Mel Grieshaber, the executive director of the Michigan Corrections Organization, testified that the union had filed a lawsuit on behalf of its officers regarding the gender equity issue, had pursued it to the United States Supreme Court, and had lost.  The MDOC advised the union that it would proceed with removing the male officers from female housing units.  Grieshaber stated that at that point, there was nothing that the union could do about the employee’s removal from the housing unit except to work with the employer to attempt to mitigate the impact upon the ^6affected employees, which it did.  The employer voluntarily agreed to allow the affected employees to retain their RUO-E (E10) classification and compensation as long as they remained at the facility.  He stated that the union was pleased with this result but the union was also advised by the employer that if the employees voluntarily left the facility at which they worked or if the facility ceased to exist, they would lose the special designation.  (Tr., pp. 75-76)


At the time of his bump, the charging party learned that several other employees he believed to be similarly situated had been allowed to bump from Scott to Ryan with no loss of their RUO-E (E10) class and level.  He learned that male Resident Unit Officers at Huron Valley Women’s Correctional Facility would retain their RUO-E (E10) classifications, even though they were working as Corrections Officer-Es (E9s).


The charging party believed that since he was classified as an E10 level employee that he should have been able to exercise employment preference at the E10 level, especially given his seniority.



The issue to be decided here is whether the respondent union, by failing to advance the charging party’s grievance to arbitration, failed in its duty to fairly represent all members of the bargaining unit.


This case involves a number of special circumstances arising out of the gender equity lawsuit in question.  The facts presented in the record, given the various personnel transactions involved, are confusing, and the undersigned, both in creating the record at the hearing and in setting for the facts of the case above, has attempted to clarify those confusing factual scenarios.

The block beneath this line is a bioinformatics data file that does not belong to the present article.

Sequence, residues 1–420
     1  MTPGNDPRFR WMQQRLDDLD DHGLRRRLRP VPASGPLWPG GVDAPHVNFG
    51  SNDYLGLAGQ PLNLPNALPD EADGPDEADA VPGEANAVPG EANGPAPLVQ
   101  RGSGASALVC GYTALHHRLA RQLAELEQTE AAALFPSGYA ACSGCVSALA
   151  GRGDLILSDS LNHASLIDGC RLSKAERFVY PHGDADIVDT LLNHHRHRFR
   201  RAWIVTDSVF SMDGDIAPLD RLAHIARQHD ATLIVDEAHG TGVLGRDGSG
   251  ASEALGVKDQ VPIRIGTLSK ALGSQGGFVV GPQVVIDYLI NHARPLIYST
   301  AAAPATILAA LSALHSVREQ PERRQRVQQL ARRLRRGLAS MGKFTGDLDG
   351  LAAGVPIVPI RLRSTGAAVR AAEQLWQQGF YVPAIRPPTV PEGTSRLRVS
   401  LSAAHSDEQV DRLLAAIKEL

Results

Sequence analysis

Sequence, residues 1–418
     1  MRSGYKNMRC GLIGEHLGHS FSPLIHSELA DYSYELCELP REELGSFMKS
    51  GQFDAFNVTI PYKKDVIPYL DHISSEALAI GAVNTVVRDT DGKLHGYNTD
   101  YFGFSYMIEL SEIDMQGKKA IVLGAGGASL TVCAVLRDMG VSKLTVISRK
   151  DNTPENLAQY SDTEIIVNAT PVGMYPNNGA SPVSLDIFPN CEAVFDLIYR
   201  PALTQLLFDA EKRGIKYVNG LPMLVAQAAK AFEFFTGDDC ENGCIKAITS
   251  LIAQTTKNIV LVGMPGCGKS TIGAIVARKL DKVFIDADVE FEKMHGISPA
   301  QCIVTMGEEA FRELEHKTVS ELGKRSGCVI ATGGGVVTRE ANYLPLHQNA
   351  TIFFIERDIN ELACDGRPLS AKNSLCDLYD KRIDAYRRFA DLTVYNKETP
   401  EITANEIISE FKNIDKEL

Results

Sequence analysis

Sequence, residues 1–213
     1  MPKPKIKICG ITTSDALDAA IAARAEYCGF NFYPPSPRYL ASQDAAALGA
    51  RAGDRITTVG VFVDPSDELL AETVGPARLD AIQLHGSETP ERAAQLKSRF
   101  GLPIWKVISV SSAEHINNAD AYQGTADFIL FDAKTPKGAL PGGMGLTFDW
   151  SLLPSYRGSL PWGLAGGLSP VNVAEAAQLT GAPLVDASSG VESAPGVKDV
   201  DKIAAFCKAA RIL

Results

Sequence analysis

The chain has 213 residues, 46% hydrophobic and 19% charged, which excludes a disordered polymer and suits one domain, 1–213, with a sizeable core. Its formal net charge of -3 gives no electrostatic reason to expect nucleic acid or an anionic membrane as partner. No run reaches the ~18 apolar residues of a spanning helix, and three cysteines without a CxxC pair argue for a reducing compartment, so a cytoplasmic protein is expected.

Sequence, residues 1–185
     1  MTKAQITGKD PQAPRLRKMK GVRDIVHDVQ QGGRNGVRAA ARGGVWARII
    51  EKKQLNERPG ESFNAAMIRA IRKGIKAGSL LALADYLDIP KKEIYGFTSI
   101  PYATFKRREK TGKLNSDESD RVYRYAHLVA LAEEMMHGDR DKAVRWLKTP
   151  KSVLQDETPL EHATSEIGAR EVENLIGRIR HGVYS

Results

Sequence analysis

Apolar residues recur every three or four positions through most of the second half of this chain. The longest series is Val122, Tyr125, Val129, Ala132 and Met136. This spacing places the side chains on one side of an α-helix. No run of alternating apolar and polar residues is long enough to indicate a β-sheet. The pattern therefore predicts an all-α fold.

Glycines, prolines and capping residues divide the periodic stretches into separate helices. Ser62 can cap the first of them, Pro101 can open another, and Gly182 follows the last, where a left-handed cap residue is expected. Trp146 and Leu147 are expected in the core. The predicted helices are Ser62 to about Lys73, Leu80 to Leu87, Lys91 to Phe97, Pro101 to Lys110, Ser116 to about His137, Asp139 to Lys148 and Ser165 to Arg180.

The essence of what happened to the charging party in this case is as follows:  The charging party, following the conclusion of the lawsuit in question, was removed from his housing unit assignment at the Scott Correctional Facility, but was allowed to retain his Resident Unit Officer-E (E10) classification and compensation.  The reason for that has been loosely termed as an “agreement” or a “handshake agreement” between the respondent union and the Michigan Department of Corrections.  The only “agreement” involved, however, from my review of this record, was the respondent union’s assent to the gift given to the affected male RUO-Es (E10s) by the employer.  The respondent union had already gone to bat for these employees by filing and ultimately losing the lawsuit in question, and the employer, by allowing the affected employees to retain their classification and level and their compensation while they remained at their employing institution, was offering to mitigate the impact on these employees of the failed lawsuit.  This was something that the union would have been irresponsible to contest.  It allowed employees such as the charging party time to find another RUO-E (E10) position into which they could transfer, at a prison for male inmates, so that they could retain their class and level ^7permanently if they chose to do so.  In the short run, it allowed them to lose no pay as a result of having lost their housing unit assignments and having been demoted to Corrections Officer-E (E9) assignments.